> Some of the first open-water walleye fishing opportunities occur on river systems (Wolf River, Missouri River, Mississippi River and Rainy River). Each system can be somewhat unique…but how fish relate to current seems universal.
> Incoming tributaries/culverts are prime locations…the current is often warmer and [might have] washout holes, channels and current seams where fish rest.
> If you can see your prop, the fish won’t have any problem finding your presentation. If you can only see a few inches into the water, look for cleaner water upstream from the incoming tributary.
> Soft-plastics and hair usually outfish bait — they keep you in the water longer. When you miss a fish with a jig/minnow and the fish steals the minnow, you’re done.
> Kalin’s Sizmic Grubs work well in moderate current, while the more-streamlined profiles of Kalin’s Jerk Minnow JRs work better in stronger current.> When slipping the current, the old rule of thumb was to keep the boat the same speed as the jig getting swept down river…keeping your line vertical. But there’s times when dragging jigs upstream or downstream can be downright deadly
> These dragging tactics shine in less than 10′ where there’s moderate to slow current. Lighten up the jig and give it a good cast upstream. Let the current carry your jig downstream, dragging it back to the boat.
> The other method is slowly dragging the jig upstream. Cast behind the boat and use your trolling motor to crawl upstream. Want the jig to occasionally tick bottom.
Wanna see that jig-draggin’ in action? Jason and Chris Granrud wallop the Rainy River pigs in this video. I was a few miles upstream when they were filming and can confirm it was a tough bite — was shocked to see how dang well they did. #Hammers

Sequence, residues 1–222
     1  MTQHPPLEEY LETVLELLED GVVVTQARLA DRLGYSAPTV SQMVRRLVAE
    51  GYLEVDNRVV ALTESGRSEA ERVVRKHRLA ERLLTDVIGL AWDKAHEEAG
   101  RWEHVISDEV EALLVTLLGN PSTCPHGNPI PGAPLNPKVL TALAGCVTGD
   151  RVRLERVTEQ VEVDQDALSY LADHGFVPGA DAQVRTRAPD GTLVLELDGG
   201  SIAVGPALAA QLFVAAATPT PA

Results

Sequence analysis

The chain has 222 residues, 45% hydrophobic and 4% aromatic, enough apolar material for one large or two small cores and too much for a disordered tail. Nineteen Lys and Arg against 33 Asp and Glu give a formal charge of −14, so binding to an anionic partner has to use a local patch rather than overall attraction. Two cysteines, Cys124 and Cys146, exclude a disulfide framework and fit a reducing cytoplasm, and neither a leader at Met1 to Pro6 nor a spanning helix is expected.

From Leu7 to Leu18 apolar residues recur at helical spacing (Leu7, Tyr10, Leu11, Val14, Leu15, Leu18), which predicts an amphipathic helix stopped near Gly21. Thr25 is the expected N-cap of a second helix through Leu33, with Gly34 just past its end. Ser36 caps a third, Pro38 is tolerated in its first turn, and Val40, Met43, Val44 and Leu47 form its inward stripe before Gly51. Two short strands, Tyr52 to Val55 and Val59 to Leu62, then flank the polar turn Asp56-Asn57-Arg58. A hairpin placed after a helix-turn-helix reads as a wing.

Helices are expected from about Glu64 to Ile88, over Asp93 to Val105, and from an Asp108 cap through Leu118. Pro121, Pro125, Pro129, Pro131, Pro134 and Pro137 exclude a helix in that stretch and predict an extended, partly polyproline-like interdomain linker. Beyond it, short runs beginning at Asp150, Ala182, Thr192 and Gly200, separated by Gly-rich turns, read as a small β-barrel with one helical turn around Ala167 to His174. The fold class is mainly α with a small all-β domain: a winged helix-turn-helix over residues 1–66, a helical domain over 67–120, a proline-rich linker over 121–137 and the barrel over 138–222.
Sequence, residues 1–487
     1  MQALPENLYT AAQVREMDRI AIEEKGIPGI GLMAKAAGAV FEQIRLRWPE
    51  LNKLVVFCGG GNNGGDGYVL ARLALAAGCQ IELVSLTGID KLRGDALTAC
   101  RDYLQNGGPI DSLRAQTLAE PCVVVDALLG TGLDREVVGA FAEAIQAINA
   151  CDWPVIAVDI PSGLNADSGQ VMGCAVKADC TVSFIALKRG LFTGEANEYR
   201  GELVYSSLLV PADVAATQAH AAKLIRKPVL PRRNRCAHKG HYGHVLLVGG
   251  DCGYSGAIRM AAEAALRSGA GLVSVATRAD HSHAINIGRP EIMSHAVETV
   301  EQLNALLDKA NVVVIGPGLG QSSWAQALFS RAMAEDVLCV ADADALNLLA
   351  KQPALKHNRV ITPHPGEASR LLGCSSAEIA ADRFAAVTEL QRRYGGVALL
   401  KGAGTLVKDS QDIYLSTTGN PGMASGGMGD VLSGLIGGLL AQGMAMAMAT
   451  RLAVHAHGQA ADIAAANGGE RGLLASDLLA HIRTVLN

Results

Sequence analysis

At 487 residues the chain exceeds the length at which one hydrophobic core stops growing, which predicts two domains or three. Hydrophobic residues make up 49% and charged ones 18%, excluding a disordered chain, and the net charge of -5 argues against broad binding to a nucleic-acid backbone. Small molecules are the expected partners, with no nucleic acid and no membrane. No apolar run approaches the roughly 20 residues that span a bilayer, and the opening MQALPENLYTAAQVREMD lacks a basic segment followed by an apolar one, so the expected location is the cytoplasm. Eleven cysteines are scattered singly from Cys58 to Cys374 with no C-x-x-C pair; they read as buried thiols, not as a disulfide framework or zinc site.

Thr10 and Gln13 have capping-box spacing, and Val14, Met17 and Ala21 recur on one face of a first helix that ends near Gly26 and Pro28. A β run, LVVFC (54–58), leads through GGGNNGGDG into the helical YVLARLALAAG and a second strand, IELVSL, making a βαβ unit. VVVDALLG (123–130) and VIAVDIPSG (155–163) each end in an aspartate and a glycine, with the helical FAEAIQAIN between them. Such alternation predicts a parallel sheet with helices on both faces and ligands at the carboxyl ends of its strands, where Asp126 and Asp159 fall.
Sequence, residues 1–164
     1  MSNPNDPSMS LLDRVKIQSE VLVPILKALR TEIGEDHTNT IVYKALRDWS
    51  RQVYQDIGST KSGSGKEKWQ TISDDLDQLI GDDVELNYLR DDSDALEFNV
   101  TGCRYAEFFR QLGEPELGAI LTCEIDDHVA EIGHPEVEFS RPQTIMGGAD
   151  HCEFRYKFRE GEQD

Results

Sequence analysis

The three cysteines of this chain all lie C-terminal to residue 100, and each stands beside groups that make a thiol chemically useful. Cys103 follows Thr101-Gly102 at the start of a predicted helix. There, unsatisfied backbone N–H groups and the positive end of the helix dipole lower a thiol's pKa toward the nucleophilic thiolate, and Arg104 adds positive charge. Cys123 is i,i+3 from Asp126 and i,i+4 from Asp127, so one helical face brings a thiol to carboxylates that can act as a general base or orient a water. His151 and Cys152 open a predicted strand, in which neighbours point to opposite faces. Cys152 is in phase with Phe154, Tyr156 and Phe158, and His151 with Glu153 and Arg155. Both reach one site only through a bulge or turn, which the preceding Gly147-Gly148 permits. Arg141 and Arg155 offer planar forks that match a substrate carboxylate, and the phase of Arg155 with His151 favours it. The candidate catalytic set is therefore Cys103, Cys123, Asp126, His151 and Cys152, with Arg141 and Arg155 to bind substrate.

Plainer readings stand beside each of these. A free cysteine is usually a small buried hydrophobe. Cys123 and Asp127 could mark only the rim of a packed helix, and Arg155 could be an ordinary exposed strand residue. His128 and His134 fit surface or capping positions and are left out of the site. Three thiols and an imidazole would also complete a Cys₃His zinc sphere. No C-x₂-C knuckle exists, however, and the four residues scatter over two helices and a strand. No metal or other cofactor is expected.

> When it comes to early-season river walleyes, most anglers don’t put in enough time working holes. Sure you can drift through a hole, but you’re better off taking some time and working it from different angles.
> When vertical jigging is key, use your electric motor to slip the current. The key is to adjust your [trolling] motor speed and jig weight to keep your line vertical on the downstream slip through holes. It presents the bait more naturally.
> Keeps an eye out for in-flowing water like feeder creeks and storm drainage. That current attracts food and the walleyes follow — like on the Rainy River and the creeks around Clementson during spring high water.
> A lot of times just below where the water’s dumping in there’s a wash-out hole that can produce a heck of a bite. Walleyes will lay there waiting for food.
> For 90% of early-season river situations, I fish a 1/4- to 1/2-oz VMC Neon Moon Eye Jigs with live bait, or a plastic minnow, paddletail or ringworm. The key is a long-shank jig that lets me double-hook the minnow or thread the most amount of plastic. Try to keep your jigs as light as possible, depending on the current.